Collection of blood or serum under the skin (hematoma), or (seroma). This can be removed and the reason for the drain and postoperative compression.
Temporary crusting which forms on the incision.
Numbness or loss of sensation in the area of operation is normal.
Extraordinary sensitivity in the abdominal area. This occurs with some patients, but disappears in time.
Puffiness of the abdominal flap. This may take six to twelve months to disappear.
Depression. With aesthetic surgery, as with other surgical procedures, this sometimes occurs postoperatively. This is generally attributed to the normal response of the body to surgery and anesthesia.
Asymmetry. No patient is identical from side to side. Small differences exist in all patients. In the occasional patient with a major difference, this can usually be improved with a secondary procedure.
Hypertrophy or keloid scarring – this can be treated with cortisone injections, tape, or possibly scar revisions. This problem is frequently seen in dark pigmented individuals.
Poor scarring is the single biggest drawback to this surgery. Scars will stay red for months. These will eventually fade unless you have a dark complexion.
Poor healing of skin.
Potential but unlikely complications:
Infection and/or abscess under the skin – can be treated.
Loss of a small area of skin (necrosis); this usually occurs in smokers, caffeine addicts and obese people. These patients have a limited blood supply to the skin, which when elevated and placed in tension, can compromise the skin and fat survival.
Deep venous thrombosis (blood clots) affects mainly the veins in the lower leg and the thigh. This clot may interfere with circulation of the area, and it may break off and travel through the blood stream. This clot can then lodge in the brain, lungs, heart, or other area, causing severe damage to that organ or even death. This is the reasons we have you stop hormones, wear TED hose, and walk every 3 hours the night of surgery.
Other complications of a severe nature, which could be life threatening.
There is evidence of an increased incidence of MRSA (methicillin-resistant Staphylococcus aureus) and other antibiotic resistant bacteria in our community. In the past, these resistant bacteria were typically found only in hospitals, but they are now found everywhere. Frequently people can be a carrier of the bacteria without their knowledge. An infection with this bacteria can cause severe damage to the skin and even death. We are diligent in cleaning and sterilizing our facility and try to limit the exposure of outside bacteria from patients into our surgery center. We therefore have implemented the following hygiene steps to help prevent the contamination of our facility and therefore decrease your post operative infection risk.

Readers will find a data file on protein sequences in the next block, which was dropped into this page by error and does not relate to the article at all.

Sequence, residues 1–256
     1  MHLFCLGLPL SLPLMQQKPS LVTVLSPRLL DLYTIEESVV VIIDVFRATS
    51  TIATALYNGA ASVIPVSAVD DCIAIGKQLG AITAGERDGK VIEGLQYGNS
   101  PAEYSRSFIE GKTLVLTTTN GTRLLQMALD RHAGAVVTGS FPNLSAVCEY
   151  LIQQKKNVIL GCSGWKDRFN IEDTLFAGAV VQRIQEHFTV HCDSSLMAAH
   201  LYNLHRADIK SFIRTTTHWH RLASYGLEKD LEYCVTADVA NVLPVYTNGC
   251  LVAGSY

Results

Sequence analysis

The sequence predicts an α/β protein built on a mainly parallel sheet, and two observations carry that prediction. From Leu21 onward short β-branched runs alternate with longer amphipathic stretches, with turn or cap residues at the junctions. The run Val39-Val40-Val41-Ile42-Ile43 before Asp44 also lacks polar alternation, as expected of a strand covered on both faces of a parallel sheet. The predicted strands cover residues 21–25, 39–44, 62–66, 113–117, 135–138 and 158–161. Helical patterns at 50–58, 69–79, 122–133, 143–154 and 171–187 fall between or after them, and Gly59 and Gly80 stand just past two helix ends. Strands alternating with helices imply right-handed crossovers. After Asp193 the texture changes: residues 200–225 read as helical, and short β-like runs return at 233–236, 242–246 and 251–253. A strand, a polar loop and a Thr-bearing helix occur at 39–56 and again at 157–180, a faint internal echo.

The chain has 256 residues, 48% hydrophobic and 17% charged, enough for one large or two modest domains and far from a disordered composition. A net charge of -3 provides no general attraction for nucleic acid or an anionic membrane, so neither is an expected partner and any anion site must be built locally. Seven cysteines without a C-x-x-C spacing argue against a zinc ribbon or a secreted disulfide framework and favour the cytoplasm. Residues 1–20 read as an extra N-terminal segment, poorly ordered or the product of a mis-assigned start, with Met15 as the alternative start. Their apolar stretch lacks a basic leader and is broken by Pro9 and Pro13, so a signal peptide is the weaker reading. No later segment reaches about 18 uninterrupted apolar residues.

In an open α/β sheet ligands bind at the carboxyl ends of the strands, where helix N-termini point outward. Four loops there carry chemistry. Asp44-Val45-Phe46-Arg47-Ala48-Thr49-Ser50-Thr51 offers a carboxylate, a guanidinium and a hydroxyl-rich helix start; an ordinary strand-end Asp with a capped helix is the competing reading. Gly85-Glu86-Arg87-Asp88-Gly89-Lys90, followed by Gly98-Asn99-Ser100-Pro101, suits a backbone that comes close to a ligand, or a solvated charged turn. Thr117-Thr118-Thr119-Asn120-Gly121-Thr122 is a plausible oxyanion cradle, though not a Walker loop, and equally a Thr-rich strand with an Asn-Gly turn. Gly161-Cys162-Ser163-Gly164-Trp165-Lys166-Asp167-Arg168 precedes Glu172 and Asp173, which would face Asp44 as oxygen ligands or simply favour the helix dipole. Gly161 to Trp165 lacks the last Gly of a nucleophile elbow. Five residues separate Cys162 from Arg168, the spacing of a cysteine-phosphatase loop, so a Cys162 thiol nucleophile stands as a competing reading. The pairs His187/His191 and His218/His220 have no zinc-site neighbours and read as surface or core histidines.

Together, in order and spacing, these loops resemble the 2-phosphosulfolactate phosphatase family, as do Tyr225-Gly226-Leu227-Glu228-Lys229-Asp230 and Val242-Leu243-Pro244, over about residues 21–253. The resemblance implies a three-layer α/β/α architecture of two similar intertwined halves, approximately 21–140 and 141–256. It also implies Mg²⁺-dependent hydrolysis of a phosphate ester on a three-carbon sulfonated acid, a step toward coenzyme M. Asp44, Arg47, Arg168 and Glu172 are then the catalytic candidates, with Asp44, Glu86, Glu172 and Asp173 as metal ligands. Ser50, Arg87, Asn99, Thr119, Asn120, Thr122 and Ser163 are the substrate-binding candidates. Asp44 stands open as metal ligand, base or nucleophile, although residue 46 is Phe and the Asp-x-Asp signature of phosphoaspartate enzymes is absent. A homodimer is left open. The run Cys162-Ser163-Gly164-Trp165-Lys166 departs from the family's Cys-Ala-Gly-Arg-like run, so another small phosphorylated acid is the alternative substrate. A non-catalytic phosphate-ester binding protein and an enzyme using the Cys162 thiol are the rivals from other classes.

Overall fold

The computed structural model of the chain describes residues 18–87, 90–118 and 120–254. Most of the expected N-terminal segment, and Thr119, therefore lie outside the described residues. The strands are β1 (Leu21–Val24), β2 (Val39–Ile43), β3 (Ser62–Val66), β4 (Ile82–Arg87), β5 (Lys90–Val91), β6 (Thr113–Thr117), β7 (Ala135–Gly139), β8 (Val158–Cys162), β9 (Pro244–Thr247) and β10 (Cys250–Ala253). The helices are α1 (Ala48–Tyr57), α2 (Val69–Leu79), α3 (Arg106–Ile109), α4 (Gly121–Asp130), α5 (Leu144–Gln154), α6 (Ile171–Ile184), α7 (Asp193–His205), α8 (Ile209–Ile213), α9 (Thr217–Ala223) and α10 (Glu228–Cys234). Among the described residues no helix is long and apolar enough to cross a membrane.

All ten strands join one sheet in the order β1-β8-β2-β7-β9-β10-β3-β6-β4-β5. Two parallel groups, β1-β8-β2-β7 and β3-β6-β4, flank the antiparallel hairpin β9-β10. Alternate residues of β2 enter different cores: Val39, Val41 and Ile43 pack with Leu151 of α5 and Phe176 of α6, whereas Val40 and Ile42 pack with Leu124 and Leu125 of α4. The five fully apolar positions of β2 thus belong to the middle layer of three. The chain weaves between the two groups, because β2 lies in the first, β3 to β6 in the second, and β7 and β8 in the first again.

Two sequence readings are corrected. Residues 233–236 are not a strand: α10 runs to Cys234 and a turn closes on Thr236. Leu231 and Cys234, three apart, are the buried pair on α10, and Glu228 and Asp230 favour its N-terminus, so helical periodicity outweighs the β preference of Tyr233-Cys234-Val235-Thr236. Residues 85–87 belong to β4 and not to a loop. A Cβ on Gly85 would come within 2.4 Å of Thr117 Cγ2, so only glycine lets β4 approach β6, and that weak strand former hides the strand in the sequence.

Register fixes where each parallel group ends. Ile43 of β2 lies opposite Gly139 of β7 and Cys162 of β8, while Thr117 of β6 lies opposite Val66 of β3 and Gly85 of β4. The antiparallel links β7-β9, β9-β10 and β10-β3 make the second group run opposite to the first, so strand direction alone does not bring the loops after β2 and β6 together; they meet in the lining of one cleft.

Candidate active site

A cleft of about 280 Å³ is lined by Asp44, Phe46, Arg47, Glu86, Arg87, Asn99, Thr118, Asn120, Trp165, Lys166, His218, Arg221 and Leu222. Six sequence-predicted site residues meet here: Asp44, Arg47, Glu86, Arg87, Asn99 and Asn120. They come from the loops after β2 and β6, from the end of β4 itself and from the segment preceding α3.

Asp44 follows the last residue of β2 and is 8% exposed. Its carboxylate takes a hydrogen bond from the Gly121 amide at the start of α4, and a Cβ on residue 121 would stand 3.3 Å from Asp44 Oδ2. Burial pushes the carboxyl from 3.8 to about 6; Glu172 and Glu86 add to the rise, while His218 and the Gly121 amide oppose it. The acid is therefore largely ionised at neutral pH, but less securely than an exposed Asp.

Bathe your entire body with CLn body wash the 2 nights prior to surgery and again the morning of surgery. CLn body wash is an anti-bacterial, antiseptic liquid soap. Sleep on clean sheets the night before surgery and wear clean clothes to your surgery.
YOU MUST ENTER INTO SURGERY FULLY UNDERSTANDING NOT ONLY THE BENEFITS, BUT ALSO THE POSSIBLE PROBLEMS. ON RARE OCCASIONS, MINOR REVISIONS MAY BE NECESSARY TO ENHANCE THE FINAL RESULTS.
WHAT YOU WILL SEE IN THE MIRROR
You should be pleased as soon as the bandages are removed. Your stomach will be tighter and firmer. As with any surgery, you will have swelling and bruising. Most of that will be gone by the third week after surgery; however, some residual swelling may remain for several months.
Abdominoplasty leaves a scar along the bikini line and usually around the navel. It will not disappear, but in time (twelve to twenty-four months), it should begin to fade. It will be far less obtrusive than the abdominal bulging and folds which were removed. For most of our patients, the results of an abdominoplasty are so favorable that the scars become a minimal consideration.
The instructions above are general and some portions may not apply to all patients. Changes in the instructions depend on your medical history, number and type of procedures and type of anesthesia.